POKHARA, March 4: The Beema Samiti (BS) has made it mandatory for insurance companies to reach out to rural areas and open branches in local administrative units, in line with the Nepal Rastra Bank’s instruction to the banks and financial institutions to compulsorily open their branches in the local units.
The insurance market regulator has a target of ensuring that a unit of each insurance company is established in each of the local units of the country within five years.
The Beema Samiti has made strict rules to ensure that they start extending branches to rural areas from the upcoming Fiscal Year 2018/19 itself.
“The board has made it compulsory for both life and non-life insurance companies to initiate branches in rural areas of the country,” said Raju Raman Paudel, director of the Beema Samiti at a talk program organized by the board in Pokhara on Friday.
“Within the next five years, each insurance company must have a branch in all 753 local units of the government.”
“It is important to extend the coverage of insurance across the country, and thus we have made it a compulsion for the companies to be present in all local units,” he added.
“In the rural areas, we can have agricultural insurance schemes and will also bring remittance to villages,” said Paudel, who added that as villagers are involved in financial activities such as trade, animal husbandry, and farming, the concept of insurance companies in rural areas was feasible.
It may also be made compulsory for insurance firms to open two branches in rural areas for each branch at the cities and also formulate policies so that the companies are not allowed to open new branches in the city if they do not do the same in the villages, according to Paudel.
Chiranjivi Chapagain, president of the Beema Samiti, also stated that the concept of insurance has not been able to flourish due to the lack of insurance companies in rural areas. According to Chapagain, only 10 percent of Nepali population has bought a life insurance policy.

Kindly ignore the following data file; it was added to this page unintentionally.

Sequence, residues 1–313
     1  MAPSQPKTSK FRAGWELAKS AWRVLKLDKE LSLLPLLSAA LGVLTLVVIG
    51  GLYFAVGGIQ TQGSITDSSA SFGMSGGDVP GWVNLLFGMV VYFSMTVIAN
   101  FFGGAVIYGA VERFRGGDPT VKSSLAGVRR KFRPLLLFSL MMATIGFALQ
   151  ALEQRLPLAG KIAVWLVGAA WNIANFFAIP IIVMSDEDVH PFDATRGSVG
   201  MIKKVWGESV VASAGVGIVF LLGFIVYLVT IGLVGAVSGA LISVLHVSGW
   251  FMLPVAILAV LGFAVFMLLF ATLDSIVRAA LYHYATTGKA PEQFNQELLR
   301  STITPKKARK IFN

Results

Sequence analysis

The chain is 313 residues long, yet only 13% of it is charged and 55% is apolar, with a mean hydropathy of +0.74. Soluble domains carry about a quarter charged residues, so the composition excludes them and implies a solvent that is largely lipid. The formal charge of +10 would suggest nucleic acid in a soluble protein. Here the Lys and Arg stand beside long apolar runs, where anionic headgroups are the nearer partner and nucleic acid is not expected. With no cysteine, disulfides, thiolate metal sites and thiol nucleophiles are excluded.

Chapagain stated: “Due to lack of awareness about the concept of insurance in rural areas, people do not understand the importance of buying insurance policy for reducing the threat of unforeseen losses as awareness has not reached people of rural Nepal.”
Chapagain informed Republica that around 25 percent of the people who have bought insurance policy stop paying premium in the middle of the insurance period. The cold response of Nepali citizens towards insurance schemes is due to inadequate income, harsh geographical terrain and lack of awareness, according to Chapagain.
Due to the lack of awareness of agricultural insurance schemes, farmers have been at the receiving end. Likewise, insurance has only been made in the loan for large construction projects and not the entire investment, which is inadequate.
There are 18 life insurance companies, and 20 non-life insurance firms in the country at the moment, according to Beema Samiti.